Posted on June 30, 2010

Google Chrome and Internet Explorer: What’s the difference?

Once you get past the layouts and color palletes, most browsers seem pretty similar. But what sets them apart is under the hood. Take Internet Explorer and Chrome, for example. Currently their main differences include Cross Platform Availability, Webpage Rendering and manufacturer.

Microsoft Internet Explorer has been the primary Web browser for computers running the Microsoft Windows operating system. This browser is integrated into the windows operating system and configured as the default web browser application for a windows computer out of the box. Microsoft Internet Explorer is currently only available for the Windows computer; their support for Apple (mac osx) and other desktop computers has been discontinued.

Google Chrome is Google’s answer to web browsing based on the open source WebKit viewing engine. This popular and acclaimed web browser is available cross-platform for download on Windows, Apple (Mac OSX), and Linux Operating Systems.

As mentioned, the average user will notice mostly aesthetic differences. Internet Explorer closely mirrors the Glossy windows buttons to match the look and feel and user experience offered on a Windows based operating system. Chrome, on the other hand, sports the minimal Google look and feel with fewer buttons and interface elements in plain sight. Chrome “skins” can be downloaded to modify the colors and graphics of the application itself.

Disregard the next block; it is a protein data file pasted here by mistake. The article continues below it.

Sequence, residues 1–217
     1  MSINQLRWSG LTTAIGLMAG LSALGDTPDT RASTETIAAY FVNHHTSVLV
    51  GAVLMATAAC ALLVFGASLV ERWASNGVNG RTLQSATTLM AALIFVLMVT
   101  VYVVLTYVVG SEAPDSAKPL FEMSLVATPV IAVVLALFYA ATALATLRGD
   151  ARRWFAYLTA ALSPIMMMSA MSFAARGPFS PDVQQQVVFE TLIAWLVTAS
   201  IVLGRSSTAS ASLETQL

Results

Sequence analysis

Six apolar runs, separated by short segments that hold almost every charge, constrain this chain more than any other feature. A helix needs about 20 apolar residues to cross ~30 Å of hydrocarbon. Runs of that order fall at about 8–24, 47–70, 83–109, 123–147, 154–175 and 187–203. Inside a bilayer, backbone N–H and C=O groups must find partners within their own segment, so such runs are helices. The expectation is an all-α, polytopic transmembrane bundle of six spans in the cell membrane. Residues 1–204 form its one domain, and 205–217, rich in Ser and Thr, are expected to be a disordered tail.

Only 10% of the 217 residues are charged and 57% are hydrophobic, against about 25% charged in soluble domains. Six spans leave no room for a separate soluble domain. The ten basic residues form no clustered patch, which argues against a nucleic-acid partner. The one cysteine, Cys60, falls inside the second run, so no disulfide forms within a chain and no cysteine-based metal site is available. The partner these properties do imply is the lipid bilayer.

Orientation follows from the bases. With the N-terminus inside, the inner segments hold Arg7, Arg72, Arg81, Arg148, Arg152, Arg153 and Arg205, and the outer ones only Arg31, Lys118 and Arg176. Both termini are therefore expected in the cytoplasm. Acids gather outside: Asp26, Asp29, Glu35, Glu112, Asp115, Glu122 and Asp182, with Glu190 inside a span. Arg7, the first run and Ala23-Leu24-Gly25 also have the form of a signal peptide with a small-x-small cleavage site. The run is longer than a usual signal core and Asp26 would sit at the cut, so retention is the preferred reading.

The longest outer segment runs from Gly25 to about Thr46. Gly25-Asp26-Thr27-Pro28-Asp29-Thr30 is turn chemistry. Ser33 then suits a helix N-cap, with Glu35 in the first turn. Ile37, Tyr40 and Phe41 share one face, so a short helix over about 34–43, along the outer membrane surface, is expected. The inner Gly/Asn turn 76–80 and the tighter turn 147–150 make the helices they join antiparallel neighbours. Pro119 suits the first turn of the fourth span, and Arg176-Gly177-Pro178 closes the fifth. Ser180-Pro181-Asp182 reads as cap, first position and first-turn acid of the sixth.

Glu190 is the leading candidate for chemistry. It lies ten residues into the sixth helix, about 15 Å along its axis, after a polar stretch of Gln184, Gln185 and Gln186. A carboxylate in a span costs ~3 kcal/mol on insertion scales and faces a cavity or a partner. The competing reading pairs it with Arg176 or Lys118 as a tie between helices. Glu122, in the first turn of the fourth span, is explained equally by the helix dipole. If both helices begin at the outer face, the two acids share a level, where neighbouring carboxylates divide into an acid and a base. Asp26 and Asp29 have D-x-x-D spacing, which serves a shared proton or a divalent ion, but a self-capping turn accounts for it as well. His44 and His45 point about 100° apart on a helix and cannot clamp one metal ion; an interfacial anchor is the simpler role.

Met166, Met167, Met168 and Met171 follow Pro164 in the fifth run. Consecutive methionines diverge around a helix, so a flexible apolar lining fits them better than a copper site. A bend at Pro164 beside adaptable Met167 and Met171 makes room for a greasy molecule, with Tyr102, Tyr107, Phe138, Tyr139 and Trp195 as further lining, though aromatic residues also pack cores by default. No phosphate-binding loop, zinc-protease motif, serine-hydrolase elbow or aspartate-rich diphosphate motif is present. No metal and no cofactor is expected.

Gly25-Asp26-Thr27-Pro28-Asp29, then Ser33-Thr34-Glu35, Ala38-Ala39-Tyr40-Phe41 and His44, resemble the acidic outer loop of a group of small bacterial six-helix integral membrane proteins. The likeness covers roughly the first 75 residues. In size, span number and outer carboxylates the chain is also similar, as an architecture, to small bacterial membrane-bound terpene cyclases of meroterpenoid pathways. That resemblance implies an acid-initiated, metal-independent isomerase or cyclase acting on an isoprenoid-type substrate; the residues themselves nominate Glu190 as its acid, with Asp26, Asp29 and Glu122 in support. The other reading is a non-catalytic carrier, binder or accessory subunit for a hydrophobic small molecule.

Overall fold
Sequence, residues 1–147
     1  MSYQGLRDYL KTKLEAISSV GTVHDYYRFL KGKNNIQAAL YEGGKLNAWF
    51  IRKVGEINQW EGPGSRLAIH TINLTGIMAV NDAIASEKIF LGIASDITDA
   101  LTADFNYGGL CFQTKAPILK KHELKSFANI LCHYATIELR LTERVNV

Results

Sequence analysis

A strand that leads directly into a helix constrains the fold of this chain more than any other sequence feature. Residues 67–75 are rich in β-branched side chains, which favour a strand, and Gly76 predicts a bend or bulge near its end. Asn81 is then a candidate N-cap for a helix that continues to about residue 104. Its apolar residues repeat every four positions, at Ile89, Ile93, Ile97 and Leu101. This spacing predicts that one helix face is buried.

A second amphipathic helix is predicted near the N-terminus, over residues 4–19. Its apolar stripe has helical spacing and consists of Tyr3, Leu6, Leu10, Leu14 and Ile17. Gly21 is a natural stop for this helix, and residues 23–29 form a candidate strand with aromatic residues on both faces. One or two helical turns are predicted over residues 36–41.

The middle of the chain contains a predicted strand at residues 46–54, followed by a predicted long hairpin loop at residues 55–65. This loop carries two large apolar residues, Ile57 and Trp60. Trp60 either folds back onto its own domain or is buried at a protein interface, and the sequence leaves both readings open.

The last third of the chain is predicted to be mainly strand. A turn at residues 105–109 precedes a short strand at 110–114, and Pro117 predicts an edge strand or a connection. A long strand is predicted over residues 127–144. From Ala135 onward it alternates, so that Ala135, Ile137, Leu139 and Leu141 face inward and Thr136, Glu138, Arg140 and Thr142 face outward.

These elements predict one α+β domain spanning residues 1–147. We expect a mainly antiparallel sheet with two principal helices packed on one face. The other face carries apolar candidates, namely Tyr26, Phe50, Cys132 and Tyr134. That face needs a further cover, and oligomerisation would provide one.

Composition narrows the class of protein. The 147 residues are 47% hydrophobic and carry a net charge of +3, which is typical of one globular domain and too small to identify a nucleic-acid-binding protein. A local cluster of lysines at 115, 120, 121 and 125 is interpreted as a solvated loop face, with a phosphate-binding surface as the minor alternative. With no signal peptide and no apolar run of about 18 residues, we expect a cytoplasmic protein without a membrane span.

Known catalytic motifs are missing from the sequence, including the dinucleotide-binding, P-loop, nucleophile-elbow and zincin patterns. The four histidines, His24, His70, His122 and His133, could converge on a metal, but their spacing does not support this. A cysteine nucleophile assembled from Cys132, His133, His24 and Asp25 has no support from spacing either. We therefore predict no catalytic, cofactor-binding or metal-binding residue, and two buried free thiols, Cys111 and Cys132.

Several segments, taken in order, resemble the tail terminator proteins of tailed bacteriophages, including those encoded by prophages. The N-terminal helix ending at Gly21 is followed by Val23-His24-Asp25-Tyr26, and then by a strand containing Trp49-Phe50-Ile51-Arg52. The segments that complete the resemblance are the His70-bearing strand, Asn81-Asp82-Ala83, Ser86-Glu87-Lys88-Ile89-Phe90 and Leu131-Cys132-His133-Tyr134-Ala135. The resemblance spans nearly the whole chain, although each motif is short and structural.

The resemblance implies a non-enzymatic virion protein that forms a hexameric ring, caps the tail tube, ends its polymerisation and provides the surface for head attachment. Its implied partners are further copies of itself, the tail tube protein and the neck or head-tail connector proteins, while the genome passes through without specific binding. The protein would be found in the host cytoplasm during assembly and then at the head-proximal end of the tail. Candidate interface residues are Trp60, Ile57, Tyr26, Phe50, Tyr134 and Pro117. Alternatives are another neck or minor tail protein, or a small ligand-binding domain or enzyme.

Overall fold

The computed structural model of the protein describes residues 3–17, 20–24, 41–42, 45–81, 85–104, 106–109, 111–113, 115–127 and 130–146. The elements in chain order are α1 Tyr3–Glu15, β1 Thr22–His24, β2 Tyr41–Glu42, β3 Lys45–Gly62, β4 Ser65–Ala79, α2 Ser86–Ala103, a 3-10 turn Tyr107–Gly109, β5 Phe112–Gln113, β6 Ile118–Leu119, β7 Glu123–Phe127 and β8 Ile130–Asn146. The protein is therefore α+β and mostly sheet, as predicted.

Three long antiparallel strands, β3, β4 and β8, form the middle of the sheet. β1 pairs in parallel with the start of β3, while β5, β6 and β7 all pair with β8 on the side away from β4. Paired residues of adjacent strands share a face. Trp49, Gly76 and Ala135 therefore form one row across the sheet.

Other than aesthetics the other key difference is how the browsers render pages. Google’s Chrome browser uses the WebKit Open source browser engine, which supports popular HTML5 based techniques such as page animations, transitions and support for more in depth multimedia content using something called Canvas. Mac enthusiasts might have heard the term WebKit when listening to presentations about various Apple software and hardware devices. Examples include Mac Osx’s Safari browser and Ipad/ipod devices which also run on the open source standards inspired browsing engine WebKit.

Internet Explorer on the other hand can directly access the windows system since it is closely integrated into the operations system using Direct X. Some argue that this increases the need to run an Antivirus/Anti-malware application.

Many users argue that WebKit based browsers offer a faster processing of pages due to the engine used, but these results differ depending on the testing device hardware and software configurations.

For additional information on Google Chrome, Microsoft Internet Explorer and the other technologies mentioned above see the below links:

Google Chrome:

Download Google Chrome

Google Chrome on Wikipedia

Microsoft Internet Explorer:

Microsoft Internet Explorer

Microsoft Internet Explorer on Wikipedia